Actor Johnny Depp has fought off a High Court bid to temporarily halt his libel action against The Sun over allegations that he beat his former wife Amber Heard.
A judge sitting in London on Wednesday rejected the newspaper’s application that his claim should be “stayed unless and until” the star (pictured with Heard) confirmed in writing that he would not sue Heard if she participated in a forthcoming trial.
Mr Justice Nicklin ruled that such an order was not “necessary” at this stage of the case.
He said the defendants, Sun publisher News Group Newspapers and journalist Dan Wootton, contended that Heard was a “crucial” witness for their defence – which is that the allegations are true.
The Pirates Of The Caribbean star’s libel claim arises out of publication of an article in the Sun last April under the headline “GONE POTTY How can JK Rowling be ‘genuinely happy’ casting wife-beater Johnny Depp in the new Fantastic Beasts film?”
Mr Justice Nicklin said the article “concerned alleged incidents of domestic violence by Mr Depp against Ms Heard during their marriage”.
Depp’s case, he said, is that the article bears the meaning that he was “guilty, on overwhelming evidence, of serious domestic violence against his then wife, causing significant injury and leading to her fearing for her life, for which the claimant was constrained to pay no less than £5m to compensate her, and which resulted in him being subjected to a continuing court restraining order – and for that reason is not fit to work in the film industry”.
Heard considered she was subject to “confidentiality restrictions” in an August 2016 divorce agreement “which prevent her from assisting the defendants with evidence to support their case”.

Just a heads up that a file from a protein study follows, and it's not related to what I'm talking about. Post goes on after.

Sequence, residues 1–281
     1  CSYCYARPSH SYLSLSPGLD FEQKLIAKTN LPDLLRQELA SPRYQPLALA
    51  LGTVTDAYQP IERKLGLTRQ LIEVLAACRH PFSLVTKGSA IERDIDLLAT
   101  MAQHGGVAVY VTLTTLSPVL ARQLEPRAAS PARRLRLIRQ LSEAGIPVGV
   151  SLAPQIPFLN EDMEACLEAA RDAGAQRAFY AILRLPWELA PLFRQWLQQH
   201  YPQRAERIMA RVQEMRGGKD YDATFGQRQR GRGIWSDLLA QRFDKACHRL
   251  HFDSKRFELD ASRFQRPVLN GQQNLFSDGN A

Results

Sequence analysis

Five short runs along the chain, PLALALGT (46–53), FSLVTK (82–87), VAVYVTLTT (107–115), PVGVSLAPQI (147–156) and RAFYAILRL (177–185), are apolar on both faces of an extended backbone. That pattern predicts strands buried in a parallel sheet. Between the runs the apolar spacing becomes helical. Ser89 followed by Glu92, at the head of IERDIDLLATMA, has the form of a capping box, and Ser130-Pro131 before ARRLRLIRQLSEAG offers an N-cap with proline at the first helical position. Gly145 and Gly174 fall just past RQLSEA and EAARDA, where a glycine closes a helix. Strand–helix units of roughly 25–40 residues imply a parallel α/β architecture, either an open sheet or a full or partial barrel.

But, the judge announced: “I am not satisfied on the current evidence that Ms Heard’s concerns about the restrictions that the divorce agreement imposes on her are well-founded.”
He that even if they were, “the matter is capable of resolution”.
Mr Justice Nicklin said Depp had stated clearly in his evidence to the court that he expects Heard “may well” give evidence in the proceedings, and “he will not attempt to prevent that”.
He added: “The fact that Ms Heard presently thinks that there is some impediment to her giving evidence for the defendants is nothing to do with Mr Depp.
“Even if she were right, there would appear to be a number of ways of resolving the issue that have not yet been explored adequately or at all.”
James Price QC, for Depp, told the judge during the hearing of the application that the actor had “no fear” of Heard giving evidence at the High Court.
Depp, who denies beating Heard, would provide a “raft” of evidence from independent witnesses who “fundamentally contradict the evidence given by Ms Heard”, said Price.
He said the actor “wants to stop false and defamatory publications”.
Adam Wolanski, for the defendants, told the judge they had “pleaded a defence of truth”, and said Depp alleges that it was Heard, not him, who was the “aggressor”.
The judge said: “Whether the allegations of domestic violence are ultimately proved true is a matter for trial. At this stage, the court is not in a position to, and does not, make any findings at all.”
No date has been set for a trial.
Picture: Reuters/Kevork Djansezian/File Photo